Meanwhile, Congressman Darrell Issa (R-Carlsbad) is pushing for lifting the number of H1B visas in the country, mostly for high technology industries. That complicates the immigration debate. H1Bs and immigrant farm workers are very different populations, but advocates on either side need to build a coalition, which involves both.
Legislature doesn’t look like California, but in some ways it’s closer than before [Jim Miller @ SacBee] - "The California lawmakers who returned to the Capitol this week as a group are younger and much more reflective of California’s diverse racial and ethnic makeup than their counterparts about two decades ago. nIn all of those categories, though, the state’s residents continue to look a lot different than the 120 people who, for the next two years, will be crafting a state budget, voting on hundred of bills, and taking other actions affecting their constituents’ lives."
DISCLOSE: California police would have to disclose the use of more surveillance devices under this proposed law [Jazmine Ulloa @ LAT] - "The bill, introduced last month by state Sen. Jerry Hill (D-San Mateo), would require any local law enforcement agency in California that uses surveillance technology to submit a plan to local officials on how it uses the equipment and the information collected. Surveillance plans would have to be presented at an open hearing and would be required to include any facial recognition software, drones or even social media monitoring used by officers."
#CAKEDAY: Happy birthday to Kiel Brunner, Matthew Del Carlo, Sami Gallegos, Daniel Lopez, Assemblymember Kevin McCarty, and Dale Shimasaki!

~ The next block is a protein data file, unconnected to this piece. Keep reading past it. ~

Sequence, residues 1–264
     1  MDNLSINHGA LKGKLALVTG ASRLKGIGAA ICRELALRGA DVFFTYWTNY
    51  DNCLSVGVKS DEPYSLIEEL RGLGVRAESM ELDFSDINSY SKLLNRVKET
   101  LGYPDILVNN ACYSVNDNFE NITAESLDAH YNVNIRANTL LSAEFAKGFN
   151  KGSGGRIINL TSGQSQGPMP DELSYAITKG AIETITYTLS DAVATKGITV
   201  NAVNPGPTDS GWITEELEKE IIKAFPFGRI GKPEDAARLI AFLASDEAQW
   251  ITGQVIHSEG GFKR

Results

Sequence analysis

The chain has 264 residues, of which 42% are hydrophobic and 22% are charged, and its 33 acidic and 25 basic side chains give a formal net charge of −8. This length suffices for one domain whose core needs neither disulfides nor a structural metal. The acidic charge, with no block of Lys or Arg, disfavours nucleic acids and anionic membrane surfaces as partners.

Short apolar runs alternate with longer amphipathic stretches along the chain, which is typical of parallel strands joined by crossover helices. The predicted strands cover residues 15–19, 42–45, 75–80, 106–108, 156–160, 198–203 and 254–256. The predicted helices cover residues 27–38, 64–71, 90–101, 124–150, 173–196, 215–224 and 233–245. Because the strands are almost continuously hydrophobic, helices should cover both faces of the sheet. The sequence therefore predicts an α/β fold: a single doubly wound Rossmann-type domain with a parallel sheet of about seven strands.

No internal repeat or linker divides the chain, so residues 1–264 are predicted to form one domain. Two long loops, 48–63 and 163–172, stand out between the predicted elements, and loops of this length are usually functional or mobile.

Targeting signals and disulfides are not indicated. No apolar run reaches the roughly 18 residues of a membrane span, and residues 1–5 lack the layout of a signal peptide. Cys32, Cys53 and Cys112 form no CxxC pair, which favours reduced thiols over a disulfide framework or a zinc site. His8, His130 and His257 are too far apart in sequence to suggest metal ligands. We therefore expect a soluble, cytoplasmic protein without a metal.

TOP HEADLINES ON AROUNDTHECAPITOL.COM AS OF 12:00PM
California Voters Just Approved More Taxes, But The New State Budget Could Still Be Lean On Cash
John Myers @ latimes.com
Gov. Jerry Brown's new state budget, which will be unveiled on Tuesday, could prove to be his most cautious spending plan to date
Early Califronia Presidential Primary Could Aid Kamala Harris | The Sacramento Bee
Christopher Cadelago @ sacbee.com
The go-to source for news on California policy and politics
Donald Solem had few peers as political organizer, adviser
Donald Solem, the political organizer and campaign quarterback who ran successful drives on behalf of countless civic issues from school bonds to parking garages, seemed to make friends with everyone who shook his sizable hand. Mr. Solem, a force in Bay Area and California politics for five decades, died Thursday of lung cancer in his Mill Valley home. Chronicle editorial page editor John Diaz said Mr. Solem was âÂÂa wealth of institutional knowledge about politics, an avid reader, and unfailingly gracious and good-humored even when you were on the other side of an issue from him.âÂÂ San Diego Mayor Kevin Faulconer, who as a Coro Foundation intern was mentored by Mr. Solem, said his friend was a âÂÂpeople person and a true strategist who could figure out problems âÂÂ and he had more baseball cards than IâÂÂve ever seen.âÂÂ Friends and political opponents alike would often find themselves as Mr. SolemâÂÂs guests in box seats behind home plate at San Francisco Giants games. The coffee table in his office was a slab of glass covering an actual San Francisco Seals baseball uniform. A native of San Francisco and a graduate of Capuchino High School in San Bruno and of UC Berkeley, Mr. Solem worked on political campaigns directly after college. In 1976, he founded his public relations firm Solem and Associates, and became a master at using research data to keep track of voters and their preferences, long before such data became crunched by computers. [...] he was a firm believer that government and the political process could make life better.